By Caitlin Giddens
As Texas temperatures and academic pressure rise, one Baylor organization is offering students solace in cool, inexpensive popsicles.
The popsicle stand, sponsored by Fellowship Among Cultures, Ethnicities and Shades, can be found during lunchtime each Monday and Wednesday in the Baylor Sciences Building lobby. F.A.C.E.S. also sells popsicles from 11 a.m. to 2 p.m. each Thursday at the Bill Daniel Student Center.
But more than selling a tasty treat, F.A.C.E.S. hopes to raise money for a scholarship for a local high school student. And by reaching out to the community, F.A.C.E.S. strives to become better known on campus.
“With the stand, we hope to promote multiculturalism on campus, and show how diversity is expanding yourself,” Austin senior Kyneshawau Hurd, treasurer of F.A.C.E.S., said. “The discussions we have in F.A.C.E.S. are great, but a lot of people are missing out. Because at Baylor, when people hear multiculturalism they think the majority can’t be included.”
Instead, F.A.C.E.S. invites all students to join the cultural discussion and feel comfortable. In fact, the organization was created as a comfort zone for ethnic discussions free of judgment.
“We began two years ago with one discussion from a group of girls living in East Arbors,” Fort Worth senior Alison Whitaker, president of F.A.C.E.S., said. “Two of the girls were black and one was white. So they were discussing how they do their hair, and it made the girls realize people don’t know everything about other races.”
Whitaker said questions remain unanswered because of the intimidation and discomfort of discussing certain issues.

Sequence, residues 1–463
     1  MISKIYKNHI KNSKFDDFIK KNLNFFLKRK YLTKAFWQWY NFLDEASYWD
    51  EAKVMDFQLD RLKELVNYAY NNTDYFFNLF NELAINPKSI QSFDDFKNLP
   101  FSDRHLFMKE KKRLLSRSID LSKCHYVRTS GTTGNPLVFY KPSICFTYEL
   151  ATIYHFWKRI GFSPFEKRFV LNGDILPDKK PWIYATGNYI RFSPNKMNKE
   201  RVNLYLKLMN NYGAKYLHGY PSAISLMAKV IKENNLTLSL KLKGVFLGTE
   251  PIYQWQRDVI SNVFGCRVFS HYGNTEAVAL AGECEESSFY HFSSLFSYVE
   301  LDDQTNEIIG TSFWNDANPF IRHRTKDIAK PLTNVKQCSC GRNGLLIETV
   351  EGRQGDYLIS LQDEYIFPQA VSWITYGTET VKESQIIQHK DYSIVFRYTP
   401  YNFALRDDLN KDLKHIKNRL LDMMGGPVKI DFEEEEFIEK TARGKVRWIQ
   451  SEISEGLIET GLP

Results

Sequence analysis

“We talk about subjects other people are scared to,” Whitaker said. “You can bring an open mind to our meetings. Everything we say is an individual opinion. So if you have a strong opinion about this subject, you should attend the meetings.”
F.A.C.E.S. meets at 7 p.m. every other Wednesday in the Houston Room of the Bill Daniel Student Center. Since several of the organization’s officers are graduating soon, they are searching for applicants.
“When I’m gone, I want future officers to connect with the different demographics of people across campus to broaden the cultural and religious spectrum,” Hurd said.
“And continue our volunteering with the family abuse center. We want to expand all of our traditions.”
F.A.C.E.S. mentors students at University High School and volunteers with the Family Abuse Center. As community service chair of the organization, Austin junior Mia Clarke said she values the time she has spent in the community and in the meeting room.
“I love the idea of going to a safe place on campus and discussing subjects that we don’t talk about at Baylor,” Clarke said. “I have expanded my knowledge of minority issues and made friendships with the other officers of F.A.C.E.S.”
After attempting to establish a scholarship program for the past two years, F.A.C.E.S. hopes to award a local high school student a scholarship for the fall semester.
“All of our funds from the popsicle stand will go directly toward this scholarship fund,” Hurd said. “There are so many high school students who need a chance like this, and we can do it. If you eat a popsicle, you help someone with their education.”
Members hope the scholarship will be between $250 and $500, depending on how much money they are able to raise.